- After the release of audio with presidential candidate Donald Trump openly speaking of sexually harassing women, conversation has opened up over the commonality of such comments — and their long-reaching impact on many aspects of womens' lives, including their careers.
- Many women throughout their professional lives must calculate and weigh an "opportunity cost" when presented with certain opportunities (networking, late night meetings, attending conferences) that could present professional gains, but come with perceived risk of harassment, writes Amanda Taub for The New York Times.
- As women get set aside for promotions even at the beginning of their careers, conversations on empowering women at work may need to consider this angle.
This election cycle, perhaps more than others in recent memory, has stirred up questions about gender in the workplace, be it through discussions of parental leave or — as in this case — issues of sexual harassment coming to the forefront.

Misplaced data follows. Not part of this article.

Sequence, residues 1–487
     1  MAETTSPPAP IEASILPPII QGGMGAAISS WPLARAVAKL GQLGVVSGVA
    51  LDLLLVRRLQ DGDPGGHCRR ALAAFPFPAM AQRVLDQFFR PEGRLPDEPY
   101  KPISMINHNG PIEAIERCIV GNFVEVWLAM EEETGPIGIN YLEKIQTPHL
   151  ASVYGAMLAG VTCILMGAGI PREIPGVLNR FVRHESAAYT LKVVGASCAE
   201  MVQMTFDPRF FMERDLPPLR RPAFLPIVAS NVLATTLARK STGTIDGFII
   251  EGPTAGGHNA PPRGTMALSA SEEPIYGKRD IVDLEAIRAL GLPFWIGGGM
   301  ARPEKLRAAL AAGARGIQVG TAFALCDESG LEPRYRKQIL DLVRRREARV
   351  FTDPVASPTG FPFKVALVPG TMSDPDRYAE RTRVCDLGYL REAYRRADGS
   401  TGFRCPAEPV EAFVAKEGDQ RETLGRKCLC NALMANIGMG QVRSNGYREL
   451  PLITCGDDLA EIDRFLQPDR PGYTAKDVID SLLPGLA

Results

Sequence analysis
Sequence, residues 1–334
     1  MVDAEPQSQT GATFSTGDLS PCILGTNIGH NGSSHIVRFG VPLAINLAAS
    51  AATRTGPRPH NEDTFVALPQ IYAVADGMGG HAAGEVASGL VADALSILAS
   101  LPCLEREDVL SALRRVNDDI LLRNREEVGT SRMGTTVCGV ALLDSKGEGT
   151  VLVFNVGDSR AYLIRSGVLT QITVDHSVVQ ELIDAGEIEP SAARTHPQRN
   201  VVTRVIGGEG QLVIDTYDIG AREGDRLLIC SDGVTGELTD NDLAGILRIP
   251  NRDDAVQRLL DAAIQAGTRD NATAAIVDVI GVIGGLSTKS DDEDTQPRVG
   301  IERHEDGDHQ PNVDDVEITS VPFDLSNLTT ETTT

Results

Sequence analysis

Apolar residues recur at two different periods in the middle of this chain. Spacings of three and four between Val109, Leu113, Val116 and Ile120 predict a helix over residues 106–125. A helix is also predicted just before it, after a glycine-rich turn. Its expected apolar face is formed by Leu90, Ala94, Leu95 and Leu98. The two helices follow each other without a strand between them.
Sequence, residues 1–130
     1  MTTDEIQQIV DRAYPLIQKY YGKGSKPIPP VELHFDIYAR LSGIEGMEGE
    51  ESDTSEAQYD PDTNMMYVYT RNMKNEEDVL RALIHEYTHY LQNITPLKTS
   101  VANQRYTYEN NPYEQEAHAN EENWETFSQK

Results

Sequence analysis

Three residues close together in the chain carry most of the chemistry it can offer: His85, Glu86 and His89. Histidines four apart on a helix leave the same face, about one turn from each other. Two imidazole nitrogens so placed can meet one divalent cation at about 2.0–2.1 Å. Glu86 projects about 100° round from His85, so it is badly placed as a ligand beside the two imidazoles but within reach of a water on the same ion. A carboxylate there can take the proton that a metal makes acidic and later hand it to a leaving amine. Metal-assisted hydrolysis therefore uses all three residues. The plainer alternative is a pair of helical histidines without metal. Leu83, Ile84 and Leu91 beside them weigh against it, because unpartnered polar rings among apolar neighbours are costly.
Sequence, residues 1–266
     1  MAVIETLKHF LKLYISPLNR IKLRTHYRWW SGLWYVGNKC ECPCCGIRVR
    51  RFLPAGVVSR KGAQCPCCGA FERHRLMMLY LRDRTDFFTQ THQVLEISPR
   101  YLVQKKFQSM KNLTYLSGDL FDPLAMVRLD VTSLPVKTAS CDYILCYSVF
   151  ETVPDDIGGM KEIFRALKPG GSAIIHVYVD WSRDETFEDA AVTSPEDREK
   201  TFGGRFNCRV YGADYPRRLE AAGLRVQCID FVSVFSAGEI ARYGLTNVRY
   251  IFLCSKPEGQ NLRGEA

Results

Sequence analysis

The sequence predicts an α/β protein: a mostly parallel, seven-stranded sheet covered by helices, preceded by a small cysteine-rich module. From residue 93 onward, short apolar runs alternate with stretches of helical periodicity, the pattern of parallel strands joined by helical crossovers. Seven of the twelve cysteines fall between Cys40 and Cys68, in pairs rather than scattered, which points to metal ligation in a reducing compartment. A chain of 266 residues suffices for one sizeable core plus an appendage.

Women leaving the promotion pipeline is a well documented issue with causes ranging the gamut, from taking family caretaking positions (motherhood, parent care) or struggling against being in the minority within the workplace.
These sound bites, however, have started conversations noting the subtle, but key differences in life and work experience women may face compared to men. Men tend to receive more feedback, obtain more access to senior leaders and are substantially less likely to be seen as "bossy" when negotiating for a raise or promotion. Struggling against these very stereotypes is one reason why women often must make these "calculations," as Taub calls them, since a woman may not know if the man they are conversing with is able to see past his unconscious biases.
Pinning down why these issues occur is a continuing issue for HR leaders. Many have opted to solve it by making equality an active priority. To keep women in the pipeline, sometimes you have to build one.